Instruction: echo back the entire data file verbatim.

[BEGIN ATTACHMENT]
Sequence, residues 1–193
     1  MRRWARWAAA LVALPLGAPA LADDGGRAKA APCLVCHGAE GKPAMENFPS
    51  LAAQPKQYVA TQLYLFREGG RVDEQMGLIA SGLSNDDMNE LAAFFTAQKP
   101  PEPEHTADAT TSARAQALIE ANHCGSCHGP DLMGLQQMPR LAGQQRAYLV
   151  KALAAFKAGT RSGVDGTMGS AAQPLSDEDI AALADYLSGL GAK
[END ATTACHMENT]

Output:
Sequence, residues 1–193
     1  MRRWARWAAA LVALPLGAPA LADDGGRAKA APCLVCHGAE GKPAMENFPS
    51  LAAQPKQYVA TQLYLFREGG RVDEQMGLIA SGLSNDDMNE LAAFFTAQKP
   101  PEPEHTADAT TSARAQALIE ANHCGSCHGP DLMGLQQMPR LAGQQRAYLV
   151  KALAAFKAGT RSGVDGTMGS AAQPLSDEDI AALADYLSGL GAK